Using nanofabrication technologies, it is possible to pattern materials on the scale of the wavelength of light, dramatically altering its propagation. Research in nano- and microphotonics involves both the basic science of light propagation in nanostructured materials and the application of this knowledge to engineering problems.
In the first part of the talk, I will discuss how nano- and microscale patterning can be used to efficiently absorb light within small volumes. Such techniques will ultimately lead to cheaper, more efficient solar cells. I will present the results of our electromagnetic calculations on nanowire arrays. We find that optimized nanowire structures have higher broadband absorption than an unpatterned film of the same thickness, even though the volume of absorptive material is lower. I will also show that aperiodic nanowire structures can absorb > 100% more light across the solar spectrum than their periodic counterparts.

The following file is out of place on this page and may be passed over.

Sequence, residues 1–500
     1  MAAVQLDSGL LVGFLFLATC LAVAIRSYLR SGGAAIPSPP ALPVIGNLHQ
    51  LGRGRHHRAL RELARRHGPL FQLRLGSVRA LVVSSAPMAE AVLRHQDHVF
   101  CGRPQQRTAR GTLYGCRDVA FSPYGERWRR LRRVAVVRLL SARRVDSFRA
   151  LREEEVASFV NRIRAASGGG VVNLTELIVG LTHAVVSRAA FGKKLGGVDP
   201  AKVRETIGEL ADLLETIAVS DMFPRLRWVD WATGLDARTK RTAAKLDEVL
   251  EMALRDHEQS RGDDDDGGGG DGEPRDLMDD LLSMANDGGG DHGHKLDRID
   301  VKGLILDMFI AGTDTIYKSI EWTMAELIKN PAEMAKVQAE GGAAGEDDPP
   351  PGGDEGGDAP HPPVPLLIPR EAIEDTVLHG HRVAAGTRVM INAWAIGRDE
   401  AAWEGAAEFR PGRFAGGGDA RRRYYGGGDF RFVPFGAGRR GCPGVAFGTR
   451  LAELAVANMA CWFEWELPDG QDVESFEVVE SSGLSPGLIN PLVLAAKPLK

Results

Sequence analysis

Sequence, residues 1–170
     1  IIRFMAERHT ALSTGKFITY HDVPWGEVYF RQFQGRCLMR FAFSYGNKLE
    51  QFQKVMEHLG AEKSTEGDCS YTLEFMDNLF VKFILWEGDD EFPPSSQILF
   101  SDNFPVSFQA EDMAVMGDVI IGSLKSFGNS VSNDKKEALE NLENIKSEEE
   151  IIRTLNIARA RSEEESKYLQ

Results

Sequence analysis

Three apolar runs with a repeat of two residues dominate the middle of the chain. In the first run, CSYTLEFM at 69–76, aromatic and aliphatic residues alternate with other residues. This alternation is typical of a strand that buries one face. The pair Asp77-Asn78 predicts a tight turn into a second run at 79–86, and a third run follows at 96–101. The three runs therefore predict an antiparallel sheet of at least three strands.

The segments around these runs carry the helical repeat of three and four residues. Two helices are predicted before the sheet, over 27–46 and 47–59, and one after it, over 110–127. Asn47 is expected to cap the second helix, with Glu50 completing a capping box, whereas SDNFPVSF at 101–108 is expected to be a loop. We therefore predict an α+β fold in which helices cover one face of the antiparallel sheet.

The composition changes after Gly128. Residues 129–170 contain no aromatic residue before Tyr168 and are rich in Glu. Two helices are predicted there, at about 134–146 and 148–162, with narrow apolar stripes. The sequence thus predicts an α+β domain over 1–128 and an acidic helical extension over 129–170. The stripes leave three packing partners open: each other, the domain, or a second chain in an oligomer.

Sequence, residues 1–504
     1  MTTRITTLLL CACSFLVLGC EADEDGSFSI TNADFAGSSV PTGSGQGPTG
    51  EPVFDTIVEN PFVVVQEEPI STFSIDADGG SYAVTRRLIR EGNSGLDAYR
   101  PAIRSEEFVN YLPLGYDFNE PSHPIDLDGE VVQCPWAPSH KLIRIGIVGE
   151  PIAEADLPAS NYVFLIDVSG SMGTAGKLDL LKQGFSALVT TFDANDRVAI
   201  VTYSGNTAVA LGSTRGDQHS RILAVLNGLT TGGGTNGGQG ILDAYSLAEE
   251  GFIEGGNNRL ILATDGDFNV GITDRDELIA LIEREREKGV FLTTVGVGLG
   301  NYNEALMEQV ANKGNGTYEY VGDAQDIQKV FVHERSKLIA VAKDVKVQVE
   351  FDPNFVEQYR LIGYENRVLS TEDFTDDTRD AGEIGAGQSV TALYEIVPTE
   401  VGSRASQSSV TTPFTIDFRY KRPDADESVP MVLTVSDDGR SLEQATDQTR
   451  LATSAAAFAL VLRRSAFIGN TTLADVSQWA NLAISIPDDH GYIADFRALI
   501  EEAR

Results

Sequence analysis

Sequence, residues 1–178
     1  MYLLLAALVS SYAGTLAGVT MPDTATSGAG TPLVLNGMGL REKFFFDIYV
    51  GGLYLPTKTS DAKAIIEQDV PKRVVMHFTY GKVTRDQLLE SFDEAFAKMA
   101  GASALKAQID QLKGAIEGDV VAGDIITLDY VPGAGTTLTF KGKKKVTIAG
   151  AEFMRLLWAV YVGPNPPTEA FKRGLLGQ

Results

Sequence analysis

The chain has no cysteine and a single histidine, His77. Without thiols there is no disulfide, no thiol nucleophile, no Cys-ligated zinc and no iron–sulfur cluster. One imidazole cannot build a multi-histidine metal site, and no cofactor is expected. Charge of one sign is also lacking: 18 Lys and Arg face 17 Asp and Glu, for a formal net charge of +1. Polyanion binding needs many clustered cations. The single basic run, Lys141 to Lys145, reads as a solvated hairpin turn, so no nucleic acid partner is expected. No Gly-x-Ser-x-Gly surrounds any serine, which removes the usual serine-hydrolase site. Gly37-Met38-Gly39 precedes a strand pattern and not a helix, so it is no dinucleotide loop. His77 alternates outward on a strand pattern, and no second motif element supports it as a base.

In the second part of the talk, I will discuss how the force of light can be used to move parts of photonic integrated circuit. Photonic integrated circuits use nanofabricated devices to control the flow of light on a chip, much like electrical circuits control the flow of electrons. I will look at the force of light on movable waveguides, or photonic wires. Given proper designs, we predict that light forces can be used to trigger motion that feeds back to the light signal, changing polarization, limiting power flow, or giving rise to nonlinear propagation characteristics. These features are expected to contribute new functionalities in on-chip optical signal processing.
Argonne Physics Division Colloquium Schedule